St Gregorys Bedale


The domesday Survey records a stone church on the site of St Gregory's in 1085. Although this suffered severely under the harrying of the North in 1069, some elements of the saxon carving can still be seen in the crypt below the chancel as well as the nave.

An arcade giving access to the north aisle was built in 1180, the chancel was extended in 1200, two bays opened in the south wall in 1287 and the Lady Chapel was built in 1300.

In 1290 the unique 5 light window was inserted in the East wall of the chantry which was endowed to the monks of Jervaulx. The Chancel was further extended and raised over a crypt in 1320 and the North Aisle widened in 1342 to include St George's chapel and clerestorey windows were added.

There is a rare defensive fortified tower, considered one of the best examples in Northern England, built in 1330 as a place of refuge from the marauding Scots. This tower contains a ring of 8 bells, the earliest dating from 14th Century, traditionally from Jervaulx Abbey, as well as a priest's bell from 1713 inscribed CUM VOCO, VENI PRECARE (when I call come to pray), which is still rung before services.

Inside the church can be found several effigies that are fine examples of carving from their period and exhibit unusual and interesting features well worthy of examination. One of these, located in the vestry, is thought to depict Brian de Thornhill, Rector from 1308-1343. There are many memorials, generally in memory of worthy citizens of Bedale, dating from as early as 1529. There are also 15th century wall paintings and murals uncovered in 1926 and subsequently repaired and restored. The most complete in St George's chapel depicts the saint slaying the dragon. Others include Bent Riband decoration, various scriptural or liturgical texts, coats of arms and other figures.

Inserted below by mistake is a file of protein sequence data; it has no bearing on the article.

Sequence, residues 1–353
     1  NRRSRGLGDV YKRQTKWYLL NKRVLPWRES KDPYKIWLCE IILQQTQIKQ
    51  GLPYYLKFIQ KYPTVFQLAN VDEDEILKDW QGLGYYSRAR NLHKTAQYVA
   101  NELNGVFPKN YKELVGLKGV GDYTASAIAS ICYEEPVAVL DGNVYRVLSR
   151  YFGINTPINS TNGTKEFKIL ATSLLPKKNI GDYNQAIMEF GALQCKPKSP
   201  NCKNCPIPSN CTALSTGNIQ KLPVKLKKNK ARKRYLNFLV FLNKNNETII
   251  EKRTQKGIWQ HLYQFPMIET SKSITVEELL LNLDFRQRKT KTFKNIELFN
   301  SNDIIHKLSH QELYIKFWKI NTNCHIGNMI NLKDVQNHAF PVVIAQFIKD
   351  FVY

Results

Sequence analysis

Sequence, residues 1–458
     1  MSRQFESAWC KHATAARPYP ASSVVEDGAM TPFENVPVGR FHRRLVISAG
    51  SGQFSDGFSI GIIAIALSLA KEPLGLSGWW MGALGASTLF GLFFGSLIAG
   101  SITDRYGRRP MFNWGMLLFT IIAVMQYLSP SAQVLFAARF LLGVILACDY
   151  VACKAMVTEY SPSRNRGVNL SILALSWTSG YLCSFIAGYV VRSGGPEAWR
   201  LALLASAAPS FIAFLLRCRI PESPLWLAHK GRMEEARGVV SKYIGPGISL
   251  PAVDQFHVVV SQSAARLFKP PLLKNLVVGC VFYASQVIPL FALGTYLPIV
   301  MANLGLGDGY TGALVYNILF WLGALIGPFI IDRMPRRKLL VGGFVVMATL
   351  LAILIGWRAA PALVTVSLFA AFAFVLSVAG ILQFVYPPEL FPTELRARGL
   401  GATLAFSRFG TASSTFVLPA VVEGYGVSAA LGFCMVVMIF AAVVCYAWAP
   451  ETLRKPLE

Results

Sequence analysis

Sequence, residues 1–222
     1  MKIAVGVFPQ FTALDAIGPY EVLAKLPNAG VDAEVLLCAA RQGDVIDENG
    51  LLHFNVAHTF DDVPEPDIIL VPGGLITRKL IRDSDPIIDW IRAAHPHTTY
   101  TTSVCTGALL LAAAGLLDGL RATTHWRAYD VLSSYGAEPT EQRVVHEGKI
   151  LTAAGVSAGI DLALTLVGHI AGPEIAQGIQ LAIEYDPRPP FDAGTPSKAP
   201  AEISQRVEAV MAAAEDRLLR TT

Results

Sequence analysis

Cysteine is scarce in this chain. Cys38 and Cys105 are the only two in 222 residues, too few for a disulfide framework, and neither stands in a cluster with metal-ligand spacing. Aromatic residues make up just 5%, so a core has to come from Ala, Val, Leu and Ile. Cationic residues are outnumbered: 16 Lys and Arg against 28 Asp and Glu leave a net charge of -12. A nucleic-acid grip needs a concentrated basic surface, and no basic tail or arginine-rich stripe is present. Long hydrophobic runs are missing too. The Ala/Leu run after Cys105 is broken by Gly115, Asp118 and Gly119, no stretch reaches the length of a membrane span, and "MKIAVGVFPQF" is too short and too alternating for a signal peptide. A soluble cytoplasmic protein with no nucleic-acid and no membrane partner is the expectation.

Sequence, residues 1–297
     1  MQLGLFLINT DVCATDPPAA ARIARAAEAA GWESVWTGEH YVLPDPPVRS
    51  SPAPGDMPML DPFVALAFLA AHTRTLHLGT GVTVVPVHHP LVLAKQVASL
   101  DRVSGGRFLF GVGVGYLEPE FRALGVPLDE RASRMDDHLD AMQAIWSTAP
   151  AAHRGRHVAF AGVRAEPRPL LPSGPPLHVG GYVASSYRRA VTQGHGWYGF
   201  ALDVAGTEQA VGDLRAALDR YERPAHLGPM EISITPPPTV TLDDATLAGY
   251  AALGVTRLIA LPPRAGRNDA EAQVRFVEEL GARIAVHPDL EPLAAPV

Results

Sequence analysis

The Pulpit dating from 1908 is richly carved with scenes from the life of St Gregory, whilst the Reredos in St George's chapel is elaborately carved with the six saints connected with the spread of Christianity to the Northern tribes.

The entire church is flooded with light from the many clear glass windows including the East window of the South Aisle, the Jervaulx window. a wonderful example of 13th century tracery with clear glass, a number of panes of which have been named with inscriptions.  Other Victorian stained glass is by William Wailes, William Warrington and Butler and Baynes and is of high quality and one, at the east end of the vestry said to be modelled on a similar window in a Rhineland church, is unmatched in England